Carlos Zambrano (10 DXL)

The Big Z isn’t feeling good, and even Lou Piniella, just days after insisting that Zambrano was fine, is admitting that something is wrong. After five innings of bad baseball, the Cubs are sending Zambrano to see the team orthopedist and will likely be shutting him down. This can be hard to manage at this time of year; if Zambrano is shut down for two weeks, he’ll have to come back ready to go in order to get in a couple of starts before the playoffs. Would the Cubs be willing to put Zambrano out there in the Division Series without at least one good regular season start? Zambrano is clearly the ace of this staff, so this isn’t exactly an Aaron Cook situation. The most worrisome aspects of Zambrano’s start were the arm angle and the quick drop in velocity. By the third inning, he was down from 93 to 90, and by the fourth and fifth he was exerting more effort just to stay in the 90 range. The extra time off might have made him stronger in the early going, but it didn’t last time out. The Cubs are going to have to make some some tough decisions soon, but they’ll be waiting for word from the doctors first. I don’t anticipate good news, and there is late word that Zambrano refused to have an MRI Wednesday, perhaps anticipating a visit elsewhere.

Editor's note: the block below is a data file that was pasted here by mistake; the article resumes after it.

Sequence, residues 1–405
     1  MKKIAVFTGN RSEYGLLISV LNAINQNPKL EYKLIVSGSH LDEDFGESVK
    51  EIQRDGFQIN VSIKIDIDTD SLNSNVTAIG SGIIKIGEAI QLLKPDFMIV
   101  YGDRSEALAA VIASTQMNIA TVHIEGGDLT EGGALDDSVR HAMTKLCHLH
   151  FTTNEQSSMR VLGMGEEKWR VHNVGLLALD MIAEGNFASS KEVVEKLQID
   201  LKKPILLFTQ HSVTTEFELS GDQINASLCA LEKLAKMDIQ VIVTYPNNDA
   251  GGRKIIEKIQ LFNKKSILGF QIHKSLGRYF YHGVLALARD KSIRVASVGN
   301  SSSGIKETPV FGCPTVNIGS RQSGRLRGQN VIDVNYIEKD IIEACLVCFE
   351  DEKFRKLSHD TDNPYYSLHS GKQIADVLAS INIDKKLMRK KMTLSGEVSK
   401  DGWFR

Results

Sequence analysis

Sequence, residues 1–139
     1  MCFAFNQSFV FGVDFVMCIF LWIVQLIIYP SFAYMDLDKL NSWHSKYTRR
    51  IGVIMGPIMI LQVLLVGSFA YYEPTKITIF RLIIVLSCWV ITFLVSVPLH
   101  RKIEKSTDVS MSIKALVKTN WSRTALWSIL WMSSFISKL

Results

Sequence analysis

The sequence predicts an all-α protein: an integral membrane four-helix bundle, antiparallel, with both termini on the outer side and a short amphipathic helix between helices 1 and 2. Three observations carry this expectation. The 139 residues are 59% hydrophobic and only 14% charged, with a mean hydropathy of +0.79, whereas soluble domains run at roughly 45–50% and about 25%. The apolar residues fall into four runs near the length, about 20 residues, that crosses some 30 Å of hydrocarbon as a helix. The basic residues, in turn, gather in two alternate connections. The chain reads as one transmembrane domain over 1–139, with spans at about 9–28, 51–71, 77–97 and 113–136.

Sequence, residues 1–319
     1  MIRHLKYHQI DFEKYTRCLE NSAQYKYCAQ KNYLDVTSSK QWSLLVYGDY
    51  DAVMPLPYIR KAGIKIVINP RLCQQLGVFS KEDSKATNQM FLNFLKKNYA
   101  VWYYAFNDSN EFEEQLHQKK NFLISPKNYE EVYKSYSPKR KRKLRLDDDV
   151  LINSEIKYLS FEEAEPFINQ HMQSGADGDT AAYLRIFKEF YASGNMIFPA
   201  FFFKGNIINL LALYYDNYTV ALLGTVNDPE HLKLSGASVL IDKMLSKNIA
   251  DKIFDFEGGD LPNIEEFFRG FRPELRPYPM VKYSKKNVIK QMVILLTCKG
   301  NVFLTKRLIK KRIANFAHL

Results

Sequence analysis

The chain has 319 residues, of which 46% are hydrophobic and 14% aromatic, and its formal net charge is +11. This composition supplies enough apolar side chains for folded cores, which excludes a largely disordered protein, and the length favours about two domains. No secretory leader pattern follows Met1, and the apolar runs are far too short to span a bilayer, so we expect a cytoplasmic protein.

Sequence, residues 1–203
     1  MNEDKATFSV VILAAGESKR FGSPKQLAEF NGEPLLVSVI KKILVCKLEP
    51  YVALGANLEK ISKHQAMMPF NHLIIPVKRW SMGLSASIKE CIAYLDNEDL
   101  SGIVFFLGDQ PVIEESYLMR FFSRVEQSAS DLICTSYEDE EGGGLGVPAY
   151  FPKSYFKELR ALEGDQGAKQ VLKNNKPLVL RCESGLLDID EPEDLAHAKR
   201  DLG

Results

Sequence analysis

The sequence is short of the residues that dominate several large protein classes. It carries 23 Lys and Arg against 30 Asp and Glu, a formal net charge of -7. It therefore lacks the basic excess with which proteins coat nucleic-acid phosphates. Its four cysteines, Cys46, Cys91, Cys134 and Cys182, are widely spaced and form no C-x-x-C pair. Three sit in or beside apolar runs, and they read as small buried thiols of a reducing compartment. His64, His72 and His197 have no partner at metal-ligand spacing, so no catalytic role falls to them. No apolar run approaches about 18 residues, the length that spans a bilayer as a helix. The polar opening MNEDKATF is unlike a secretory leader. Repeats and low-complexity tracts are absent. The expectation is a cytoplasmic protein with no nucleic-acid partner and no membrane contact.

Carlos Quentin (7 DXL)

Joe Crede (5 DXL)